Let’s take a break from sequences and write one poem–a poem that stands on its own.
And if you’re just joining us, this is a great day to start (you just need an event to write about).
Yesterday, we explored endings–what happened, and what might have happened.
Today, we’ll look at narrative in a different way. Tell the story of the event you’ve chosen, in couplets, from the beginning, through the middle, to the end.
Why couplets? They make nice chunks that you can move around.
So let’s do that now. Rearrange the couplets to take them out of sequence. Like a movie, with flashbacks and premonitions. What tensions do these shifts surface?
When I think about my event, I imagine this poem will be at the very beginning of the book–both a prologue and an anchor for the reader. But I wanted to go boldly into the sequences, do some digging around, and then take a break.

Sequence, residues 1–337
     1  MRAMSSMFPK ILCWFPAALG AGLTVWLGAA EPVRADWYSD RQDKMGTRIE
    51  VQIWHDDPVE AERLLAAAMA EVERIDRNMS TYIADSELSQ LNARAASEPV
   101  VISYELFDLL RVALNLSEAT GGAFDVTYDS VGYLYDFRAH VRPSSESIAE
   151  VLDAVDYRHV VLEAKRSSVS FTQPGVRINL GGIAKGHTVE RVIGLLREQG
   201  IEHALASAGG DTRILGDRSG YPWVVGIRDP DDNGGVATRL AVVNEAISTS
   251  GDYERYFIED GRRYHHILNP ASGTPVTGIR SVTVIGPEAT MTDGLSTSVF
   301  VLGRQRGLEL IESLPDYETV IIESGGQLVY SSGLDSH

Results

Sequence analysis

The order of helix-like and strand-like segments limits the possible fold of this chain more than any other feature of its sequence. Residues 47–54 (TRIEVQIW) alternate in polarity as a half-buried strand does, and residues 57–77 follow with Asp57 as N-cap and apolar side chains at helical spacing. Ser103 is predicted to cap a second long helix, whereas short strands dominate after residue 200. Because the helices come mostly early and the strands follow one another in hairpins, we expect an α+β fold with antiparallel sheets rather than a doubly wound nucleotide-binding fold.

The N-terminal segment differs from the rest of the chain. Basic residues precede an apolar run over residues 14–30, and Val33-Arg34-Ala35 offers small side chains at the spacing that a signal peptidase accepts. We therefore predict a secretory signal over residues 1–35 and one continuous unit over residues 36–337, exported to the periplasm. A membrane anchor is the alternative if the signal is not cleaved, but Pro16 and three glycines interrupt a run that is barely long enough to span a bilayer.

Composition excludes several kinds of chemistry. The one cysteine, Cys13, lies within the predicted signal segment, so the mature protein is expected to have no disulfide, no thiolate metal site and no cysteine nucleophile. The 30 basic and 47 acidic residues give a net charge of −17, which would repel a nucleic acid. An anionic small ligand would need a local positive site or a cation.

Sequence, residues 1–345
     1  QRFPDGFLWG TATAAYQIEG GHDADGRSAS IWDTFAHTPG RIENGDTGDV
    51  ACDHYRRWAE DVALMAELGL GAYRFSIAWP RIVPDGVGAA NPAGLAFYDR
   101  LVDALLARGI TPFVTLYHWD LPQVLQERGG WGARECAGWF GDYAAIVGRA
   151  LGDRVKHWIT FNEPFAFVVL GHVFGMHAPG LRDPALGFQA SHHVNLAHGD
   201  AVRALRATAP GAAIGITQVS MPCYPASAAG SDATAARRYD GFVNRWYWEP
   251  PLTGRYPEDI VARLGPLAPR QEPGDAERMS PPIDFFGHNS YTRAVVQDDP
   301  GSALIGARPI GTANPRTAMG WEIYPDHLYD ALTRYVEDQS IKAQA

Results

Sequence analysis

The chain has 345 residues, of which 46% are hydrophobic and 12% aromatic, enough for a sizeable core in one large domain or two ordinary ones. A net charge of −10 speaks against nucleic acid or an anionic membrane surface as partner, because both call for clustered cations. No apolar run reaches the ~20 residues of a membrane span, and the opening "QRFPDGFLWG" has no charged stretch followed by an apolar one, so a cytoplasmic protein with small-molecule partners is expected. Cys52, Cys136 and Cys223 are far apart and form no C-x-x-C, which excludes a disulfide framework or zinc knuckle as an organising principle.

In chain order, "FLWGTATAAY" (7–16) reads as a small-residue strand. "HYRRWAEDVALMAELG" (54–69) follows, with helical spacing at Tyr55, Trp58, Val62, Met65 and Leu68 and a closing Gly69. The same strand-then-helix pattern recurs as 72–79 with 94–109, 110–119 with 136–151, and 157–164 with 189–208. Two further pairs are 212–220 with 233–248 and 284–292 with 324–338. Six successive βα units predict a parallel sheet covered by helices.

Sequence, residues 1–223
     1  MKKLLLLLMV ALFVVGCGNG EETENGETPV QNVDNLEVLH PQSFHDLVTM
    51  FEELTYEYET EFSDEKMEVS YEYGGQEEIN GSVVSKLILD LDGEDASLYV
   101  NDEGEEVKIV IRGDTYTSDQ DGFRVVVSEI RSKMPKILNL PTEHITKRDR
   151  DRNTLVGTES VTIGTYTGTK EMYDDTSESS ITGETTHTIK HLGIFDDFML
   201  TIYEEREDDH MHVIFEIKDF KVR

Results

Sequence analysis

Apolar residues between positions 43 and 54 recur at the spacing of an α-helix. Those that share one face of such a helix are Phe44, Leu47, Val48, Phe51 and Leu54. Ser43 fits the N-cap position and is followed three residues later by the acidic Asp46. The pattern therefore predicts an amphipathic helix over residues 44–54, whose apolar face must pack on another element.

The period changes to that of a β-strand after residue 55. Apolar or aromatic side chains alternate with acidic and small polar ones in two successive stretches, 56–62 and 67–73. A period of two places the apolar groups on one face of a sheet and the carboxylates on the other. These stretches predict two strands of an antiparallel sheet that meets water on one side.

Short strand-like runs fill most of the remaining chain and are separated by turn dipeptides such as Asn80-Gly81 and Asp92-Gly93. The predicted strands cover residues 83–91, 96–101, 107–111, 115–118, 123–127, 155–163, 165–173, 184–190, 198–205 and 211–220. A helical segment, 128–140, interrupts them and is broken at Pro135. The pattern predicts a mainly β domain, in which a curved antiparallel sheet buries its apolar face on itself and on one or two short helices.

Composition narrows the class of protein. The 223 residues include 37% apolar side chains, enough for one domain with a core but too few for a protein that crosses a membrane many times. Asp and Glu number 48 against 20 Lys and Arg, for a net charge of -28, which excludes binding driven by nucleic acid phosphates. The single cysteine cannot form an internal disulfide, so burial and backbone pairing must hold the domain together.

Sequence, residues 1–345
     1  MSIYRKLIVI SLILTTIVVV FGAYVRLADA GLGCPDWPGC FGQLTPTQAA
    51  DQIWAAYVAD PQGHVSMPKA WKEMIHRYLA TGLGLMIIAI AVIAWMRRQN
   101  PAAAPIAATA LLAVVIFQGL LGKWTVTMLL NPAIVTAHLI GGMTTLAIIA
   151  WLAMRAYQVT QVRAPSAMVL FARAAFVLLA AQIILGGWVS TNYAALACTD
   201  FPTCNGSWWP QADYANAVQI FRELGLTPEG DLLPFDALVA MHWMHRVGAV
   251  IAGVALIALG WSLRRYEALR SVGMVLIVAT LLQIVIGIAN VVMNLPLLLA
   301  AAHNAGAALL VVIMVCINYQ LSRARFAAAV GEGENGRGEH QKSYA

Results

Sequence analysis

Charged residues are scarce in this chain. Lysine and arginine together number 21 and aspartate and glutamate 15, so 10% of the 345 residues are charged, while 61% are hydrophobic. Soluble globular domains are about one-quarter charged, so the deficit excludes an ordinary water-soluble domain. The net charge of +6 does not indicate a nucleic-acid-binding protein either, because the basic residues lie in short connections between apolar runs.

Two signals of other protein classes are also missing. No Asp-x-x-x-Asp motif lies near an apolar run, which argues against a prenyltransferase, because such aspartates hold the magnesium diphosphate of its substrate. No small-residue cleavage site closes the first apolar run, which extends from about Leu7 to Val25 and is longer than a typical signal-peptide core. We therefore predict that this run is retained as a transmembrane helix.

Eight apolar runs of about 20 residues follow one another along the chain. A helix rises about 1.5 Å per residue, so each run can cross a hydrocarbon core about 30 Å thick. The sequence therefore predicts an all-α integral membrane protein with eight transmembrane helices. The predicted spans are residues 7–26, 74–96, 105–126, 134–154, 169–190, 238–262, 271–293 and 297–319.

Or if you want to extend the sequence, and you don’t mind messing everything up…
You’ve written about what happened on the same day in other years. What about events that happened in the same month or season of the same year? I realize that this might go best right after the timeline poem, and if you’re linking lines, that messes them up, causes some rewriting. But this popped into my head after I intercepted an intruder on the front porch late last night. The front door was closed, he wasn’t actually in the house, it wasn’t dangerous, just scary. But the adrenaline switched my brain on full power, and I thought of this idea. If it seems random or disruptive, I’m chalking it up to that.
Yesterday, I had trouble with this one. Other endings. It was easier to think of other beginnings, what if certain things hadn’t happened in the first place, if different decisions hadn’t been made. That said, here’s my favorite line from yesterday:
Found the books clean, the sky bluer than they remembered.
Were you able to imagine different endings? What was your favorite line from yesterday’s poem? Feel free to post it in the comments.